How to grow & care for an Almond tree
Almonds (Prunus amygdalus) are the edible nuts produced inside the hard-fleshed velvety fruit, that grows on a tree that looks very similar to a peach or nectarine. Almonds are closely related to other stone fruits like peaches and nectarines, and their trees require the same growing conditions - including cold winters and warm dry summers.
Almonds are frost tolerant, but late spring frosts can cause flowers to drop. Almond trees lose their leaves in winter when they can be easily pruned to shape. Many varieties will grow up to 5-6 metres if left unpruned, but they can be kept to 2-3 metres tall with yearly pruning. Once established (2-3 years from planting) almond trees are heavy croppers. The edible nuts (still enclosed in their outer shell) can be dried and stored or the outer shell can be removed and the nuts enjoyed fresh or roasted.
Top 5 steps to growing almonds
- Choose a full sun position in your garden or grow a dwarf variety in a large pot.
- Look for a self-pollinating variety unless you have the space for 2 or more trees.
- Netting almond trees is essential to protect your crop from birds.
- Almonds will produce a crop 3 years after being planted.
- Harvest almonds from February to April when the fruit begins to split.
- Bare-rooted or potted almond tree
- Scotts Osmocote® Compost Premium Soil Improver
- Scotts Osmocote® Controlled Release Fertiliser: All Purpose
- If growing in pots, Scotts Osmocote® Citrus & Fruit Potting Mix
- Garden spade
- Wildlife safe crop protection netting
Almond trees prefer a full sun spot in well-drained soil and require regular watering when flowering and fruiting. Prepare the soil for planting by digging a hole that’s twice as wide as the root ball of your tree and at the same depth. Loosen the soil at the bottom of the hole and mix Scotts Osmocote® Compost Premium Soil Improver through the original soil.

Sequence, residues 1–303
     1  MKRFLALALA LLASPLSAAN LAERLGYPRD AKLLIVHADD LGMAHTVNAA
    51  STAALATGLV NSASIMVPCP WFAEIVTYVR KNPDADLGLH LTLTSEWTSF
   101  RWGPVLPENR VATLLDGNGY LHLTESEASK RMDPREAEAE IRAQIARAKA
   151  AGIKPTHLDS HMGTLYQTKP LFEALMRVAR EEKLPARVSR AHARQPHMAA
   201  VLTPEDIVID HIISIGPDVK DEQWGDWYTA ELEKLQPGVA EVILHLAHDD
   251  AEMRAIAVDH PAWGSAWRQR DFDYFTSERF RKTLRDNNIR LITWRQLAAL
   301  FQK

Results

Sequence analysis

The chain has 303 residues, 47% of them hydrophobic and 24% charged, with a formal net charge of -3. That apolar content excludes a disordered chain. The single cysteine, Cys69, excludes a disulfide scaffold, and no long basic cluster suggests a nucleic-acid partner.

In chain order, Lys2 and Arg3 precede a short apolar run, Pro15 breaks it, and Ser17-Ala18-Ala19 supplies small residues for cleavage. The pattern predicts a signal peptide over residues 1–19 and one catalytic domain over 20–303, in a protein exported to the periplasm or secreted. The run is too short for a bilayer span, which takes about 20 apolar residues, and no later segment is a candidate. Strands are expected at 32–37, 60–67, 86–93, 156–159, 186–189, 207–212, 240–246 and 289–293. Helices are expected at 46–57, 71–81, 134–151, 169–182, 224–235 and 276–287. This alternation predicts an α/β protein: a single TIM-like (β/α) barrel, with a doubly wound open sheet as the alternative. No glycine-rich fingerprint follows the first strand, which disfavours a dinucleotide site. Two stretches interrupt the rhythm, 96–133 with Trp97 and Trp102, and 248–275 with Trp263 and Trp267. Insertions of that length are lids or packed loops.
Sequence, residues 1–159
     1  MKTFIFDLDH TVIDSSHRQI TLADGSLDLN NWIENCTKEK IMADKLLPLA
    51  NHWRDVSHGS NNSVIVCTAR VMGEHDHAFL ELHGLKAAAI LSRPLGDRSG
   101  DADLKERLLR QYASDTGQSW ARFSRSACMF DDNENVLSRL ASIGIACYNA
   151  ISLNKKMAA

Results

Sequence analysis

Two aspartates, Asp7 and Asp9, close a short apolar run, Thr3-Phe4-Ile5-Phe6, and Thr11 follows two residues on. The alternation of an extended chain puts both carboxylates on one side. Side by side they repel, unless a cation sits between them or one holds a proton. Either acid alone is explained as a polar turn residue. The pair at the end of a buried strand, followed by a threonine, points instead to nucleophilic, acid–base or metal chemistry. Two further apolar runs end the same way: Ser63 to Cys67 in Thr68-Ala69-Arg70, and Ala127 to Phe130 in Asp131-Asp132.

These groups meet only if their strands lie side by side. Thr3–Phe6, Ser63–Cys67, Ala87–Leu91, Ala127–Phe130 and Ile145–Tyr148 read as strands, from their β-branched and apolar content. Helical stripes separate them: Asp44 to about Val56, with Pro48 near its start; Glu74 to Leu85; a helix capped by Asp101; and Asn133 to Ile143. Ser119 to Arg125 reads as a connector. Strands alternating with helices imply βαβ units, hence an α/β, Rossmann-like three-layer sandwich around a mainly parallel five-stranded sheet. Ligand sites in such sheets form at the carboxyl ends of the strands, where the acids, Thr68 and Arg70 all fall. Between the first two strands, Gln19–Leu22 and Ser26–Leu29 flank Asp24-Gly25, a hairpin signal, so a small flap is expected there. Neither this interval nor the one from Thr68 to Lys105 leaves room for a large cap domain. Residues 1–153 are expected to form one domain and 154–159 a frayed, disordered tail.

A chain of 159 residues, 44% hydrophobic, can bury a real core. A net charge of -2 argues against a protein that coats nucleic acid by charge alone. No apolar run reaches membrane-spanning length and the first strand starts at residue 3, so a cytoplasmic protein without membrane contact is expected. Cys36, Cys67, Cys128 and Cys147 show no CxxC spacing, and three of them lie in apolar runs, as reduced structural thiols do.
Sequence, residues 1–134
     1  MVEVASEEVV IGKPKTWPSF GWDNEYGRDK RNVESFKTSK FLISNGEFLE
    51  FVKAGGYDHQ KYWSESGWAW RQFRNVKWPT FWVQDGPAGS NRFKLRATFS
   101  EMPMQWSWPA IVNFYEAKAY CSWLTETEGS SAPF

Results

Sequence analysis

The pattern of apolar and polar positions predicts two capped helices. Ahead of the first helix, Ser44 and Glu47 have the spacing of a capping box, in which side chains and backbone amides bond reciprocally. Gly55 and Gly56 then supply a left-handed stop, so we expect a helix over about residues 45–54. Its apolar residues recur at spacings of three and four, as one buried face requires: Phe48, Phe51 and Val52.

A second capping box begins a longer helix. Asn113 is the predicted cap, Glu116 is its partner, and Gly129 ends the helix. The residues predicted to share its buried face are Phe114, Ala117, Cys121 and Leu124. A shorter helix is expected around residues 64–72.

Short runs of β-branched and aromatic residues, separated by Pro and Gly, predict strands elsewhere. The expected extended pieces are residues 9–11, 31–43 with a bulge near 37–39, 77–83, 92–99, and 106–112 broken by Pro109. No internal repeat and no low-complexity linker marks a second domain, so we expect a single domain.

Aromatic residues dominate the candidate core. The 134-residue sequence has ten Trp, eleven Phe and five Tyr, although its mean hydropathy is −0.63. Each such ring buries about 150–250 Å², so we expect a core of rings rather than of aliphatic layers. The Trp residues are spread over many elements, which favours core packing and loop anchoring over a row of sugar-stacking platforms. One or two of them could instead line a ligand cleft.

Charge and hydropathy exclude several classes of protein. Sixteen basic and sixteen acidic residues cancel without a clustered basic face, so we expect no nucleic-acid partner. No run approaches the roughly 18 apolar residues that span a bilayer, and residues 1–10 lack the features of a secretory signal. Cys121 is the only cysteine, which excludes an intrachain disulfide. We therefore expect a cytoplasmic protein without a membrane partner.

Planting in the garden
Growing from bare-rooted or potted trees
Bare-rooted almond trees can be purchased and planted in winter when the tree will be dormant. Potted almonds can be planted at any time, except in the heat of summer.
Plant your almond tree at the same depth it was in the pot or if bare-rooted, make sure any graft on the truck is well above the soil surface. If needed create a mound in your prepared planting hole to sit the root ball on so it’s at the correct height.
Add a stake to support bare-rooted trees at planting - this can be removed once the roots have taken.
Firm down the soil around the roots of your newly planted almond tree and water it well. Top dress around the tree with an organic sugar cane mulch (but avoid touching the trunk) to suppress weeds and retain moisture.
Planting in pots
You can grow almond trees in large pots or containers so long as they have good drainage. An old half-wine barrel with drainage holes added is an ideal size. Fill your pot with a premium potting mix like Scotts Osmocote® Citrus & Fruit Potting Mix before planting your bare-rooted or potted almond tree.
Firm down the soil around your newly planted almond tree in the pot and water it in well to settle its roots in nicely.
Mulch the top of the soil in the pot to retain moisture and ensure the pot can be easily watered during the summer months.
Almonds are ready to harvest when the fleshy outer part of the fruit splits and exposes the nut inside - generally around February to April depending on the variety. It’s best to harvest all the nuts at once, as autumn rain can cause the nuts to rot on the tree.
You can lay a tarp down beneath the tree and knock the fruit into it or hand pick. Either way, once harvested, remove the velvety outer fruit to expose the nuts shell. The nuts inside the shell can be enjoyed straight away or dried for storage.
You’ll need to securely net your trees to protect the crop from hungry birds and other animals. Once the baby almond fruits have formed use a wildlife safe, 4mm hole or smaller white netting that’s pulled tightly over the tree and secured around the truck or set up a frame structure over the tree so you can easily place the net over this.
Pests & Diseases & General Care Advice
Almonds require regular watering during flowering and fruit growth, if they are allowed to become heat stressed or dry out the fruit will be small or may fall off before it’s ready to harvest.
Just like its peach and nectarine relatives, almonds are susceptible to the fungal disease Peach Leaf Curl. Use a copper-based spray 2-3 times during the time when the tree leaves have dropped, with the last application just before the buds burst with flowers in late winter or early spring.
Established trees should be pruned in winter when dormant to an open vase shape and fertilised in spring and again in autumn with Scotts Osmocote® Plus Organics Citrus & Fruit Plant Food & Soil Improver